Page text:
Fiber connectivity in higher-speed active equipment tends to develop as more condensed and simplified with plug-and-play, hot-swap transceiver miniaturization. 1G and 10G networks commonly use SFP or SFP+(Small-form-factor pluggable plus). Interfaces of 40G is QSFP (Quad Small Form-factor Pluggable). The interface changes need different connectors to achieve network connectivity. So what cabling infrastructure requirements are needed to support 40G applications?
The IEEE 802.3ba standard specifies multi-fiber push-on (MPO) connectors for standard-length multimode fiber connectivity. MPO/MTP is the designated interface for multimode 40G. Its small, high-density form factor is ideal with higher-speed Ethernet equipment.
A 12-fiber MPO connector interface can accommodate 40G. Usually 40G data center uses 12-fiber MPO/MTP connectors. The typical implementations of MPO plug-and-play systems split a 12-fiber trunk into six channels that run up to 10 Gigabit Ethernet (depending on the length of the cable). 40G system uses 12-fiber trunk to create a Tx/Rx link, dedicating 4 fibers for 10G each of upstream transmit, and 4 fibers for 10G each of downstream receive. The upgrade path for this type of system entails simply replacing the cassette with an MPO-to-MPO adapter module.
Except MPO/MTP trunk or patch cord assemblies interconnecting QSFP+ transceivers, many data centers also likely to use 40G DACs (direct attach cable). DAC is a form of high speed cable with “transceivers” on either end used to connect switches to routers or servers. It a kind of optical transceiver assembly. DAC cables are not real optics and their components are without optical lasers. DACs are much cheaper than the regular optics. Just because the low cost and high performance, DACs are preferable for 40G data center applications and high-performance computing environments. Cost of connectivity is significantly reduced by avoiding the more costly fiber transceivers and optical cables. 40G DACs can provide inexpensive and reliable 40G speed connections using either active optical cables or copper cables.
An active optical cable (AOC) consists of a bend-insensitive multimode or single-mode fiber cable terminated with a connector and embedded with transceivers that convert electrical signal to optical signal and back. AOC can reach a longer distance copper cables. AOCs use the same interfaces as copper cables and are typically used in data centers.
In data centers, people worry that power consumption and heat generation will increase with the high data rates. Last few years, cable assembly manufacturers have responded by releasing increasingly efficient AOC interconnects. For example, 3M makes a QSFP+ AOC assembly that uses approximately 475mW per end. In addition to lowering power consumption directly, low-power AOCs release less heat than higher-powered products, further driving down power consumption by reducing the need for cooling.
What’s more, AOC is reliable. Nowadays, consumers are less tolerant of errors and failure, so the reliability of all equipment becomes more critical. The tiny electronics embedded in the transceiver, which enable the electrical-optical-electrical conversion, carry a potential for failure. So cable installers are wise to choose AOC with test results confirming its reliability.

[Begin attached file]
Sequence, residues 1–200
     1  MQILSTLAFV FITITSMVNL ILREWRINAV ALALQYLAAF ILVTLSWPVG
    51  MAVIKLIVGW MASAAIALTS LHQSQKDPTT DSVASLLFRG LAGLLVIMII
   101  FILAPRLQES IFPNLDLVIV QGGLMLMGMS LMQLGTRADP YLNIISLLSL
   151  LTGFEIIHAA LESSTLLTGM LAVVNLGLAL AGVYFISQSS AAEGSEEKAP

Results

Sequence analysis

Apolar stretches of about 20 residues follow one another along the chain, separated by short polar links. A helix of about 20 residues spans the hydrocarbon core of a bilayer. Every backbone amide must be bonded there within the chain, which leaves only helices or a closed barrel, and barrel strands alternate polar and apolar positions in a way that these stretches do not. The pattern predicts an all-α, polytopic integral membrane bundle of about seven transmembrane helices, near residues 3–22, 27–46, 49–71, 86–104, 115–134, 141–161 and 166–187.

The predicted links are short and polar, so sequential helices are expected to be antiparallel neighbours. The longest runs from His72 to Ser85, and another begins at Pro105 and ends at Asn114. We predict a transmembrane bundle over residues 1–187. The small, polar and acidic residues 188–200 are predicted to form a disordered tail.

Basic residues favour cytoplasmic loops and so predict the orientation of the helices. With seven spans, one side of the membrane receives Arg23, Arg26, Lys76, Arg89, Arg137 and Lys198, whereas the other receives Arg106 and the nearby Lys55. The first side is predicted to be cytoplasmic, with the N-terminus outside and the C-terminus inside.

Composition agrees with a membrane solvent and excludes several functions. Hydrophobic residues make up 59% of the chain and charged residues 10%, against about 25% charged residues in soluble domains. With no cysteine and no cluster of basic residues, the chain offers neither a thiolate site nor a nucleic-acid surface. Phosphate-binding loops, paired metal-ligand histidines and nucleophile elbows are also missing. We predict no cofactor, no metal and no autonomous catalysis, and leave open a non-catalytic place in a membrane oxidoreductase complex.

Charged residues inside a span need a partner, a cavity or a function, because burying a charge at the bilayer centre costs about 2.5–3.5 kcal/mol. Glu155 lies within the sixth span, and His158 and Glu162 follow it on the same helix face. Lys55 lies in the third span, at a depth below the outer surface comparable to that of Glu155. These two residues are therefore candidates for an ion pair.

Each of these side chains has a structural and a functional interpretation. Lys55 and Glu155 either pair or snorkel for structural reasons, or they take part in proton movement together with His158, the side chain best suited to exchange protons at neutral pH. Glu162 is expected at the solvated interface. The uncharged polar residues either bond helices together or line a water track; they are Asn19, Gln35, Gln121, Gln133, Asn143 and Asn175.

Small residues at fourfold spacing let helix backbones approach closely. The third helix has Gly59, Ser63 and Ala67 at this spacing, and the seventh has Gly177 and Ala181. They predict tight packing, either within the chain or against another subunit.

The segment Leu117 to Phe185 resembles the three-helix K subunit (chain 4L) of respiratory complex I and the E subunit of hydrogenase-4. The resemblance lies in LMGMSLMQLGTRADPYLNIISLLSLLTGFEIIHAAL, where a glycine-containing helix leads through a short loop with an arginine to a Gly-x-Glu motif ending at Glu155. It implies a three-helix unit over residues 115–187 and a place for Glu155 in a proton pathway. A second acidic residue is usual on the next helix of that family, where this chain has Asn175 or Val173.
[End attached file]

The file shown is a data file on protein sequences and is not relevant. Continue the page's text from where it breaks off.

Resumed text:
The following are Fiberstore AOCs with features like high performance, low power consumption integrated cable for short-range multi-lane data communication and interconnect applications.
|40G AOC Type||Image||Data Rate||Cable Type||Connector Type|
|QSFP+ to QSFP+||Up to 40G||Fiber||QSFP+ AOC|
|QSFP+ to 4 SFP+||Up to 40G||Fiber||QSFP+ AOC|
|QSFP+ to 8X||Up to 40G||Fiber||QSFP+ AOC|
Even though 40G AOC has so many advantages, it doesn’t mean it can replace copper cable. Because copper cable has its own benefits. It is specially designed for short-reaches in data center. Copper cable assemblies are less expensive than fiber cable. Today there are many twinaxial cables available to support 40G (10G x four channels), per 40GBASE-CR4 specification. The following Fiberstore’s cost-effective copper cables provides much needed space for data centers.
|40G Copper Cable Type||Image||Data Rate||Cable Type||Connector Type|
|QSFP+ to QSFP+||Up to 40G||Copper Cable||QSFP+ Passive Copper|
|QSFP+ to 4 SFP+||Up to 40G||Copper Cable||QSFP+ to 4 SFP+|
|QSFP+ to 4 XFP||Up to 40G||Copper Cable||QSFP+ to XFP(4)|
The problem is that copper cable is stiff and bulky, thus consuming precious rack space and blocking critical airflow. But with the advancing technology, manufactures produce a thinner, uniquely shielded ribbon-style twinaxial cable that can support speeds of 10G per channel while addressing many of the concerns associated with round, bundled cable. And the ribbon-style twinaxial cable is significantly slimmer than its round counterparts. Even better, the cable can be folded multiple times and still maintain signal integrity, allowing for higher density racks and space savings.
As the need of high data transport rates, the data center network migrates from 10G to 40 Gigabit Ethernet which provides a framework for data rates of 40 Gigabit per second. To support 40 Gpbs connectivity, there is a need to upgrade the cabling infrastructure. All our MPO/MTP fiber cables and 40G QSFP+ cables are low-cost and high-performing. Fiberstore can provide you a suitable way to achieve your 40G data rates in the most cost-effective manner.